What new production rifle brand is most popular among Alaskan hunters?


November 30, 2008, 09:59 AM
I was just wondering if there was any particular brand more popular up there. Question is academic, and I am just curious. If you have ever been hunting up there what did most people seem to be using.

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November 30, 2008, 10:29 AM
Ruger Stainless Steel bolt action 338win mag, seemed to be a popular choice with folks that live in "Bush" Alaska.But there are so many firearms up there that it would be hard to narrow down any real favorites.

November 30, 2008, 11:08 AM
but I saw lots of Ruger's too.

The older Stainless/Zytel models seemed to be everywhere, hanging off shoulders, stuck in boats and crammed in airplanes. I saw tons of other types of rifles too. It seemed most folks used what they could get. I did ask a couple of guys about their Rugers and they said they loved them and everyone was using them; they liked the price, durability, and accuracy.

Again for a very limited time spent in AK, perhaps one of the AK residents could chime in with better info.


Float Pilot
November 30, 2008, 05:04 PM
I have only lived here in Alaska since 1959, with a couple periods out of state for military duty and college.

1. These days stainless rifles are very popular up here. It is as if nobody under 40 knows how to clean a rifle anymore.

2. Price is often the primary consideration up here. Particularly in the bush towns. Thus Ruger stainless M77MKIIs are very popular.

3. 30-06 and 338 Win mag are the two most popular cartrudges in common use up here. We have done a few polls and noted that those two cartridges account for around 66% of rilfes used.

4. The closer you get to Anchorage, Fairbanks, Juenau (our large cities) the larger the calibers become.

5. In the bush communities in which I have lived in worked, the 30-06 was by far the most popular caliber. With the 30-30 Winchester M-94 being a close second amongst the older hunters.
The young guys out in the villages spend their gun money on SKS's, and Mini 14s. Although their (the young guys) hunting skills are usually limited to volley fire from a boat or snowmachine. You are pretty safe if a group of 20 year old village kids are shooting at you. But,, the shoe is on the other foot if a 70 years old Athabascan or Eskimo has you within 300 yards.

6. The old timers up here are big into controlled feed. Back in the 60s and 70s, nobody wanted to buy a push feed post 64 Winchester or M700. That has changed. M-700s are now popular high end guns. The Tikkas are staring to become popular as well.

7. People with money will now buy Remington M700s. But an equal amount of folks (with money to burn) were buying Kimbers for the first couple of years since they appeared to be a M-70 clone. The Kimber sales seem to have slacked off due to thier high price and custmer service problems.
Once again they were popular bacause they were controlled feed and stainless.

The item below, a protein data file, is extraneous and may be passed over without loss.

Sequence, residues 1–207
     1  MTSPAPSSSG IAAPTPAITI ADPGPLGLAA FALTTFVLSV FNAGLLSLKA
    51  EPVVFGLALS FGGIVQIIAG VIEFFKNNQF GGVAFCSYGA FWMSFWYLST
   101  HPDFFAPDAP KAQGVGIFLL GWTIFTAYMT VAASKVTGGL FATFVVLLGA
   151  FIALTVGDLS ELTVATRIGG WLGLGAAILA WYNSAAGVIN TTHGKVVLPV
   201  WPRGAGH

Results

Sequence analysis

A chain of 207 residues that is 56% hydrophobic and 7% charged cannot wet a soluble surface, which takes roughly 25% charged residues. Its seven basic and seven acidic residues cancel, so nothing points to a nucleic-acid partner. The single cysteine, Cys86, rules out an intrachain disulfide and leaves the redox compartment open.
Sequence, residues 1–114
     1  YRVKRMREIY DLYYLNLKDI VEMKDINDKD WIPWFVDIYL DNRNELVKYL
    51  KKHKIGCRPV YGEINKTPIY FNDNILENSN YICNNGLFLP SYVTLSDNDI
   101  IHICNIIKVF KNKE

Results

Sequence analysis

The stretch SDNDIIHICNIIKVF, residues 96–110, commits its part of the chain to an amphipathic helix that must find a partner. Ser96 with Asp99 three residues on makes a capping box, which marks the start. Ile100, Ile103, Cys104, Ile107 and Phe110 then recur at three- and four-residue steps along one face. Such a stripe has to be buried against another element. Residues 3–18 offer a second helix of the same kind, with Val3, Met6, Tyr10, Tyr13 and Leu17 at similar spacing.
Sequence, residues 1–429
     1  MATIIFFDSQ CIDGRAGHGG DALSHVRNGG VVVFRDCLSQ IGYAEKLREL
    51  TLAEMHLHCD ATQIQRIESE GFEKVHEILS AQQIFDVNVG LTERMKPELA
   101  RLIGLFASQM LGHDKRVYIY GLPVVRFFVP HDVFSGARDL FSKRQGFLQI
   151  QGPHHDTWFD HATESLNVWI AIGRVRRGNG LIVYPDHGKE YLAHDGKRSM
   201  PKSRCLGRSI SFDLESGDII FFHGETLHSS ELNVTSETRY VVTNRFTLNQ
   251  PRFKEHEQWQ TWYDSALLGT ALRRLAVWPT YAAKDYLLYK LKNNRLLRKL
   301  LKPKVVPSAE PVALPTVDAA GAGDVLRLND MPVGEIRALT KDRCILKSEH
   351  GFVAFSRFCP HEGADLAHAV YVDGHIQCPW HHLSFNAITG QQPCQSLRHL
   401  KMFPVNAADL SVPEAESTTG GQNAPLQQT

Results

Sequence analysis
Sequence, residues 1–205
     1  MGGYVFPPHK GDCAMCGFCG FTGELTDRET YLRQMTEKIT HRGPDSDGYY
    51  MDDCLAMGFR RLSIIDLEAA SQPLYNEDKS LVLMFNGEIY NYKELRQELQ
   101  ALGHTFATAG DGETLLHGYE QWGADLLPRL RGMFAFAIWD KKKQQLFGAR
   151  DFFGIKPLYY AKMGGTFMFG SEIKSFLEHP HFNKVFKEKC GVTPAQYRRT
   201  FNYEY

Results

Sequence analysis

8. The safety that folks look for up here seems to be more of the M-70 or Mauser type. Most folks like the idea of a safety that holds the firing pin. Thus high sales of Kimbers, the Winchester Model 70-s classics and the Ruger M77MKIIs. (Please note that the M77MKII safety is not really a Mauser or Winchester type, but appears to be one. At least it does lock the firing pin in the last (bolt lock) position.)

9. Back in the 90s there was a drug store chain that went belly up and was selling all of their rifles for half off. I ran down there with a few of my buddies. When they opened the counter the first 30 guys there ALL asked for stainless Winchester Classics. By the time I got up to the counter all they had left were models with the BOSS. Which I bought and later sold. The BOSS seems to be rather non-popular with actual hunters up here and I agree. So controlled feed M-70s are very popular, but overpriced. As a result most folks could only afford one if half price. Plus the workmanship on the rifles made during the last couple years of production was not up to standards.

10. Many up here with money to burn are now waiting for the new release Model 70 Winchesters. Meanwhile stainless Rugers are walking out the door of most gunshops on a daily basis.

11. Affordable used beater Rugers are often bought through pawn shops and newpaper trades. Nobody brags about them, but they are often seen in trucks or boats. Their magazines half full of semi-green ammo that has been in there for the last few years. They are the "work rifle" just like that old chainsaw we fall back on when all else stops working.

November 30, 2008, 05:10 PM
Float Pilot, is 308 very popular up there? Its one of the more common calibers down here in Georgia (along with 243), but I think things in Alaska are a lot bigger than down here.

Float Pilot
November 30, 2008, 05:33 PM
While lots of folks own 308s (7.62 Nato) rifle in military type or target rifle configurations, they are not all that popular as hunting rifles. They are considered marginal for dangerous game.

Now that said, lots of moose, caibou, sheep, mountain goats and deer get zapped by 308s, 7x57mm Mausers and 6.5 x 55mm Mausers.

Although Deer are only found in limited areas of our great state, they seem to hang out in areas also populated by large brown bears. And the brown bears know that a rifle shot means a fresh deer is waiting.

I have harvested every critter up here except Buffalo with a 7 x57mm Mauser, (and the same for my compound bow) so there is no reason a good hunter could not do the same with a 308.

The 30-06 is often thought to be the minimum caliber required for serious hunting. So you can sell 10 30-06 rifles for every 1 308 rilfe during hunting season.

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